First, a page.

For the detection of prohormone abuse at the farm and/or slaughterhouse the usefulness of ‘omics’ based profiling techniques was investigated. Within this scope a comprehensive metabolomics based screening strategy for steroid urine profiling was developed. Comparison of urinary profiles revealed large differences between the profiles of controls and dehydroepiandrosterone (DHEA) as well as pregnenolone treated animals. Moreover this steroid urine profiling approach allowed identification of biomarkers for treatment by specific prohormones. This resulted in respectively 7 and 12 specific mass peak loadings which could potentially be used as biomarkers for pregnenolone and DHEA treatment.
In addition, the feasibility of a liver gene expression profiling approach was investigated to monitor the effects of DHEA treatment at the transciptome level. It was shown that identification and application of genomic biomarkers for screening of DHEA abuse in cattle is substantially hampered by biological variation. On the other hand, it was demonstrated that comparison of pre-defined gene sets versus the whole genome expression profile of an animal allows to distinguish DHEA treatment effects from variations in gene expression due to inherent biological variation.
Altogether the results of this thesis increase the knowledge about the metabolism and bioactivation of prohormones in vitro as well as in vivo. Based on this knowledge, a panel of new effect based concepts and screening methods was developed that complement and improve the current testing programs. These new concepts will facilitate better implementation of the European ban on growth promoters in livestock production as described in Council Directive 96/22/EC.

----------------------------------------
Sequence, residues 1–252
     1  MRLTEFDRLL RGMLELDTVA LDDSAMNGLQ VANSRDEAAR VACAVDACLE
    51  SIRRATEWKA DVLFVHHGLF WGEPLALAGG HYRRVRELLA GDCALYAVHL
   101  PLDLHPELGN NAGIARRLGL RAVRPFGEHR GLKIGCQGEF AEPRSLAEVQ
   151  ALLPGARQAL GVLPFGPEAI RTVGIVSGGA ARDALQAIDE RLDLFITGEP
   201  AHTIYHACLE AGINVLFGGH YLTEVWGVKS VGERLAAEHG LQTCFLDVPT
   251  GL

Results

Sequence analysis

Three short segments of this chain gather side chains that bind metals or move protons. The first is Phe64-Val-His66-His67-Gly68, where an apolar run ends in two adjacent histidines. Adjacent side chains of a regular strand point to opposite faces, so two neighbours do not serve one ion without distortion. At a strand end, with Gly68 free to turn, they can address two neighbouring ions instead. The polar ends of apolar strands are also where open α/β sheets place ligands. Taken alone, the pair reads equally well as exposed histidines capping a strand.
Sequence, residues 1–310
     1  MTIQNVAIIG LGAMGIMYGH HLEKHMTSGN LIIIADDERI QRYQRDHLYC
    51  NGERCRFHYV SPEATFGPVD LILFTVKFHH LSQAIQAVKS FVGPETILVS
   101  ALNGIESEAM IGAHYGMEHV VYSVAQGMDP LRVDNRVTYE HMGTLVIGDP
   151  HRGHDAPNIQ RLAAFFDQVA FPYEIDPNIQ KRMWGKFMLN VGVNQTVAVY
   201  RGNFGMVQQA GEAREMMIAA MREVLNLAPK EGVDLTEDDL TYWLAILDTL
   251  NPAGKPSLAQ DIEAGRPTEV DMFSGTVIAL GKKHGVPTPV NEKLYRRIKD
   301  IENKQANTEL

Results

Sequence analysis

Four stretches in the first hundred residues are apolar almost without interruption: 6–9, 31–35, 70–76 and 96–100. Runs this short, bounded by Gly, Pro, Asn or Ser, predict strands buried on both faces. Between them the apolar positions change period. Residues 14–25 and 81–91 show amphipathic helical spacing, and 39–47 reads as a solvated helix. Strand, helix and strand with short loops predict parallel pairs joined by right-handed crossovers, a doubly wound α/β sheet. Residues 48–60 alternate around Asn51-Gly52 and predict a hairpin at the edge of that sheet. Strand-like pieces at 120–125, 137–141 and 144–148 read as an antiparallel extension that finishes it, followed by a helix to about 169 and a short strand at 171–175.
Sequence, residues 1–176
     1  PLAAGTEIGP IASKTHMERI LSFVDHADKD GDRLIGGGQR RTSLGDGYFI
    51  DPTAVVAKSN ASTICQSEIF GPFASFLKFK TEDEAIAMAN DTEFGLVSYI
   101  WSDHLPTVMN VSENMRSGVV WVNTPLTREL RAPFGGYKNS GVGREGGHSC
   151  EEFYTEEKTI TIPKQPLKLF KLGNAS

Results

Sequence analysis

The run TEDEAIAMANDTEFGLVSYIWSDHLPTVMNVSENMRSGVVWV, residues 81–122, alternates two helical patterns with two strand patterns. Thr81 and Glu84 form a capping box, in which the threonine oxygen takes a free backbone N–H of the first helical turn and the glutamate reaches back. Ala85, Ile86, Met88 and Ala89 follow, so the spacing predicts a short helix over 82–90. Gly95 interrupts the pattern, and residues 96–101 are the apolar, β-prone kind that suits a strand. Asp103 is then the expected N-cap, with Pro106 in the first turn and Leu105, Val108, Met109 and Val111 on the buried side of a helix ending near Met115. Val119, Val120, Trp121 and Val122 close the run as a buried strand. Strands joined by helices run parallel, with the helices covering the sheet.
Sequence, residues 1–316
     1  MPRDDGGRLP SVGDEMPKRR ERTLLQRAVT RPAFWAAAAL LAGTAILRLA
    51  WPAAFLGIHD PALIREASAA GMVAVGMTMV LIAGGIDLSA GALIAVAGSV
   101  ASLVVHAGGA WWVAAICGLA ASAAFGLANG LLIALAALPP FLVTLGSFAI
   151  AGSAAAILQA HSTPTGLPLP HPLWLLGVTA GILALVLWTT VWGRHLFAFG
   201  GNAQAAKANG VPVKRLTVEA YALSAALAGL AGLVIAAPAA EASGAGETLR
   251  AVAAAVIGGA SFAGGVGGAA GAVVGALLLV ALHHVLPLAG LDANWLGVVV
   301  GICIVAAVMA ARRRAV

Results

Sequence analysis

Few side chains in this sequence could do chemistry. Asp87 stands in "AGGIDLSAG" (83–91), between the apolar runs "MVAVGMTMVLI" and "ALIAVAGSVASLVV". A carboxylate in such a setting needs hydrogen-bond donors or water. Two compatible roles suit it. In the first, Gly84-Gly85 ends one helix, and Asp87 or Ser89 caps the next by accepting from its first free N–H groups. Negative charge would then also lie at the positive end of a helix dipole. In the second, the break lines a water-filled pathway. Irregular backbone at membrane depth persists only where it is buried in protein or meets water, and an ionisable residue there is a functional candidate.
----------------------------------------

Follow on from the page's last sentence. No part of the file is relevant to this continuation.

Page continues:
Marine Biotechnology: A New Vision and Strategy for Europe
Querellou, J. ; Børresen, T. ; Boyen, C. ; Dobson, A. ; Höfle, M. ; Ianora, A. ; Jaspars, M. ; Kijjoa, A. ; Olafsen, J. ; Rigos, G. ; Wijffels, R.H. - \ 2010
Beernem, Belgium : Drukkerij De Windroos NV (Position paper / European Science Foundation, Marine Board 15) - ISBN 9782918428268 - 93
biotechnologie - marien milieu - metabolomica - overheidsbeleid - europa - strategisch management - bio-energie - biotechnology - marine environment - metabolomics - government policy - europe - strategic management - bioenergy
Marine Board-ESF The Marine Board provides a pan-European platform for its member organisations to develop common priorities, to advance marine research, and to bridge the gap between science and policy in order to meet future marine science challenges and opportunities. The Marine Board was established in 1995 to facilitate enhanced cooperation between European marine science organisations (both research institutes and research funding agencies) towards the development of a common vision on the research priorities and strategies for marine science in Europe. In 2010, the Marine Board represents 30 Member Organisations from 19 countries. The Marine Board provides the essential components for transferring knowledge for leadership in marine research in Europe. Adopting a strategic role, the Marine Board serves its Member Organisations by providing a forum within which marine research policy advice to national agencies and to the European Commission is developed, with the objective of promoting the establishment of the European Marine Research Area.
The genetics of the metabolome in Brassica rapa
Pino del Carpio, D. - \ 2010
Wageningen University. Promotor(en): Richard Visser, co-promotor(en): Guusje Bonnema. - [S.l. : S.n. - ISBN 9789085857211 - 168
brassica campestris - koolsoorten - metabolieten - genexpressie - genetische regulatie - genotypische variatie - genetische diversiteit - genetische merkers - selectiemethoden - metabolomica - brassica campestris - cabbages - metabolites - gene expression - genetic regulation - genetic variance - genetic diversity - genetic markers - selection methods - metabolomics